Books, TV and Films, October 2020


1 October

The Romantics and Us is the latest TV series from Simon Schama, who is perhaps best known to non-historians for his A History of Britain TV series at the turn of the millennium. Watching this is part of ongoing efforts to broaden my cultural awareness. Art is one of many weak spots.

Schama himself is fascinating. He is a frequent interviewee on news and current affairs programmes like BBC’s Question Time. Unlike Peter Hennessy, who I mentioned last month in the same context, I find him frustrating to listen to in open discussion — the ‘umms’ and ‘errs’ and unpolished sentences matching his sometimes awkward physical jerkiness as he tries to articulate his thoughts. I find him much more watchable when he is working to one of his own scripts. One of his specialisms is art history; he fizzes with enthusiasm and radiates authority (assuming you can fizz and radiate at the same time).

He is also an absolute joy to read. I finally tackled Citizens, his huge and rather unorthodox history of the French Revolution, last year. And I will never forget his essay on the front page of The Guardian after 9/11, powerful and moving. It is included in a book of his collected writings called Scribble, Scribble, Scribble. Odd how memory plays tricks. I was sure it was the front-page lead in the newspaper the very next day, but the book dates it to 14 September.

2 October

Not quite uncharted territory but my latest read sets me on a journey I don’t normally undertake. My destination is the world pre-1600, specifically the Tudor court of Henry VII. Winter King by Thomas Penn comes highly recommended, judging by the cover quotes and the prestigious awards it has garnered.

As a proofreader, my antennae are attuned to these things, I suppose, but I was immediately intrigued by the style rules the book follows. A basic rule followed by most style guides is that jobs and roles are lower case and titles are upper case. I agonise over the distinction sometimes and, judging by proofreaders’ blogs, nothing seems to infuriate people more than seeing their prestigious role in a company rendered in lower case, as if it is an egregious attack on their dignity or a personal slight. Take the time to look when you are reading your ‘quality’ newspaper (maybe not the Telegraph, though) or trawling a respected news website like the BBC’s, and you will indeed see ‘the president’, ‘the prime minister’, ‘the chief executive of …’ and so on.

Anyway, a sentence from Winter King (page 85 of the paperback, opened at random):

The entourage, which included Garter king-at-arms John Writhe and a number of prominent nobles, was headed by Thomas Howard, earl of Surrey.

4 October

I watched both episodes of Honour last night. Terrific, not least Keeley Hawes as DI Caroline Goode. I know Hawes from Ashes to Ashes (for which she drew a lot of unfair criticism initially, the series being compared unfavourably to Life on Mars) and more recently from my Spooks lockdown binge-watch (she appeared in the first couple of series or so).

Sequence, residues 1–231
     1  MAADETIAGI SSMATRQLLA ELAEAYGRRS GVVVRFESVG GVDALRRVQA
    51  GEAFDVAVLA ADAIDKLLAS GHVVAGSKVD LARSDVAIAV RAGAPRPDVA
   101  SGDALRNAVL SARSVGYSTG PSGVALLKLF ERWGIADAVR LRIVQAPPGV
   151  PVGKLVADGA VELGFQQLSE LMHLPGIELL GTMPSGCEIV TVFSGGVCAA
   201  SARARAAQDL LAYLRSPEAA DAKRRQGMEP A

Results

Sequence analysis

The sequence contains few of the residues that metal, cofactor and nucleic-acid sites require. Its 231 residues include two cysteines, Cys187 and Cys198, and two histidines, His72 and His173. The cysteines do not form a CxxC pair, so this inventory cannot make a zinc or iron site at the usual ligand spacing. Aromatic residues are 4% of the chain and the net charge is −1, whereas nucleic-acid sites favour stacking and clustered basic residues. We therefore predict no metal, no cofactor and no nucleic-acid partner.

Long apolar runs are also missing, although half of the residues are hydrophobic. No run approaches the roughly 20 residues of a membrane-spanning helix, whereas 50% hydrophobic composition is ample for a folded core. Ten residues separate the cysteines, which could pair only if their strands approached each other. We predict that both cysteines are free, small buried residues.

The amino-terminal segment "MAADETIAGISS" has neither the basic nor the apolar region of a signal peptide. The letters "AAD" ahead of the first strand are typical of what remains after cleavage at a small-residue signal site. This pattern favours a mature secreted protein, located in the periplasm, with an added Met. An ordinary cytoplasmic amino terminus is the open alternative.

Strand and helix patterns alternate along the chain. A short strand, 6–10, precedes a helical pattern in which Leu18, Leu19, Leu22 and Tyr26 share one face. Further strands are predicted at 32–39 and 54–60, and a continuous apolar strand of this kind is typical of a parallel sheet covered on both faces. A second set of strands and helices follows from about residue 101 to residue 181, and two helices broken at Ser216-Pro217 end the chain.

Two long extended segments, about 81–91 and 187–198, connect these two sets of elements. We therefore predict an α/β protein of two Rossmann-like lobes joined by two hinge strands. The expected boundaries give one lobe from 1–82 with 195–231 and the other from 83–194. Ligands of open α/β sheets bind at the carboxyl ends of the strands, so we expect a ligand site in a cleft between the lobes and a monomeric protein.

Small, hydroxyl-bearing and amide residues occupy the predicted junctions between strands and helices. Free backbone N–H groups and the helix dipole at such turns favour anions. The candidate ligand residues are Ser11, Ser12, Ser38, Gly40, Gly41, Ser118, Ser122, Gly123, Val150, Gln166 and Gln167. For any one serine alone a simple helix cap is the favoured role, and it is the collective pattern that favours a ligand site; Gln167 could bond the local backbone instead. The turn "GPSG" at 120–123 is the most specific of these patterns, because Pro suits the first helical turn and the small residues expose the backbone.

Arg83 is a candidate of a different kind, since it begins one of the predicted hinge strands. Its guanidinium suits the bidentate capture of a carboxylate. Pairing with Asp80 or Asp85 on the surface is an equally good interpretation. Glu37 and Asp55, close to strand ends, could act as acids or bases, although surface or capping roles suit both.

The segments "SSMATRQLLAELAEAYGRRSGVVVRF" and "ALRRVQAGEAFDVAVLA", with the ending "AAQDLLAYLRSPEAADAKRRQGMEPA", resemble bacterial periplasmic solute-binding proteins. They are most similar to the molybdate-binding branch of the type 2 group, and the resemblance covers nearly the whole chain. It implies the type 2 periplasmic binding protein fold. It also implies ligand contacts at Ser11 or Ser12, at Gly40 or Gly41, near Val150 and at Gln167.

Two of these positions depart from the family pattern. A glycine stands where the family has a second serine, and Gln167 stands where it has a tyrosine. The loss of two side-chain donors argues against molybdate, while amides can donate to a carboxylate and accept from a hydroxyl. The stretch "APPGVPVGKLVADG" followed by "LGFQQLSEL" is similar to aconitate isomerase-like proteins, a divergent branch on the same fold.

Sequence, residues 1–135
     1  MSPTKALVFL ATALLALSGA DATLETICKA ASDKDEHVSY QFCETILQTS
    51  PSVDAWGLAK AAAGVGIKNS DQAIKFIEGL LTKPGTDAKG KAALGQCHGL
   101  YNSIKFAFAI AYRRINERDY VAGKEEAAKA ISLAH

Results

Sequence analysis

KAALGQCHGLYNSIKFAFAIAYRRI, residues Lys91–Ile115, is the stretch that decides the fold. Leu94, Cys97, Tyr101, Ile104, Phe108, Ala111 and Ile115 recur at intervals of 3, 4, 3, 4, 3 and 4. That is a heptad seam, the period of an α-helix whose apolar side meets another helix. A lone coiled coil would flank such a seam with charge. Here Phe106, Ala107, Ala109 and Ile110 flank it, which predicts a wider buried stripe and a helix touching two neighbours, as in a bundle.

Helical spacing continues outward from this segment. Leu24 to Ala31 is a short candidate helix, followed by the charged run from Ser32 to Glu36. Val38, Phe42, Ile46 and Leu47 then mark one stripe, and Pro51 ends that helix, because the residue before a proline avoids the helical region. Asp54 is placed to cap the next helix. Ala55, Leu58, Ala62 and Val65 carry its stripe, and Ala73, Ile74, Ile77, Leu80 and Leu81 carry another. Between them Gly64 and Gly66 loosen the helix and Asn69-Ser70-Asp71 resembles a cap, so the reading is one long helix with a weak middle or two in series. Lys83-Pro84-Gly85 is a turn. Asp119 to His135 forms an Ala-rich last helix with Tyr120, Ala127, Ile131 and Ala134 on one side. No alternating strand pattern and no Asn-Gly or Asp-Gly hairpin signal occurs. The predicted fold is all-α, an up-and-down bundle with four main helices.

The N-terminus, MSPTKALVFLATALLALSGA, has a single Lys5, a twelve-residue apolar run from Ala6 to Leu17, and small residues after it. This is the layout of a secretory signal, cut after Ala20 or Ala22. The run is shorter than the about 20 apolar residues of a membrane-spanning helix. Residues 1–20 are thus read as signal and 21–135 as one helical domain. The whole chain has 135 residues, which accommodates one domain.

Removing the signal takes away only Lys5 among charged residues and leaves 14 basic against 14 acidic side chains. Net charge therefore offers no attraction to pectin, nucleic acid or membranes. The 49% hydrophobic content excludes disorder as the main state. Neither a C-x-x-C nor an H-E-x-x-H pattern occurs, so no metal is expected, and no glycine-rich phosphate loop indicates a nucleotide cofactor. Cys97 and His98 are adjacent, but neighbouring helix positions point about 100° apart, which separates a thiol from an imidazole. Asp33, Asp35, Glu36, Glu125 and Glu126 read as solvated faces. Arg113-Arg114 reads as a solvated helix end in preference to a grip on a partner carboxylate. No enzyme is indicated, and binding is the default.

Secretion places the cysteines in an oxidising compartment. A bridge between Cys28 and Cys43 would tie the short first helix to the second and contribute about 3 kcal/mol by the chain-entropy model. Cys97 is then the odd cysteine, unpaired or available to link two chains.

Honour tackled the subject of so-called honour killing via the real-life case of Banaz Mahmod, a young Iraqi Kurdish woman from London who was murdered on the orders of members of her family because she ended an abusive forced marriage and started a relationship with someone of her own choosing.

The drama has received some criticism because its focus was the police investigation and not the murder victim herself. Be that as it may, I found it compelling, moving and terribly sad, not least the failure of the police to protect Banaz Mahmod on at least four separate occasions before her actual murder occurred.

I found its depiction of the work of the police entirely believable — from the under-resourced computer analyst to the long hours of boring but essential investigative work. There was nothing remotely glamorous about this portrayal, a sense nicely reflected by Keeley Hawes as the down-to-earth and — dare I say — dowdy detective inspector in charge of the case. We are so used to scenes of senior officers using their rank to scold or belittle their junior colleagues — none more so, perhaps, than the curmudgeon-in-chief Inspector Morse — that it was also refreshing to see how well DI Goode worked with, and led, her team, who referred to her affectionately as ‘Smudge’. Off the top of my head, the only other fictional senior police officer I can think of who is unfailingly polite to junior officers is Columbo.

9 October

I recommended the original The Dead Zone film (ie not the later TV series, which I haven’t seen) to a friend and decided to watch it again myself. It’s a film I first watched at the cinema back in 1983. At the time (I was in the sixth form) I was a regular cinemagoer, influenced by a friend who was a huge film buff. It was the time when video shops were beginning to take off, so a huge selection of previously unavailable films was suddenly at my fingertips. My friend was heavily into cult directors like Brian de Palma and Nicholas Roeg. The Dead Zone was, I think, the first mainstream film of David Cronenberg, a cult horror director, who went on to do a remake of The Fly with Jeff Goldblum.

Watching it again, the film perhaps feels a little dated in places, particularly the ‘visions’ sequences. But what is most noticeable is how stripped back the storytelling is. Anyone familiar with the author Stephen King’s writing will know that he likes to take his time. It’s a hefty book and it meanders around (or so I thought when I read it, which was almost certainly only after having seen the film), with a much more prominent role assigned to the charismatic politician, Greg Stillson.

The film, by contrast, is very sharply focused: the accident, the visions, the rise of Stillson. Only the suicide of the homicidal police officer feels somewhat out of place, as if Cronenberg is clinging to his horror roots. The bathroom scene in which Officer Dodd opens his mouth wide before impaling himself on the open scissors — bringing to mind countless sci-fi and horror films in which an alien in human form finally reveals its true non-human appearance — is not quickly forgotten.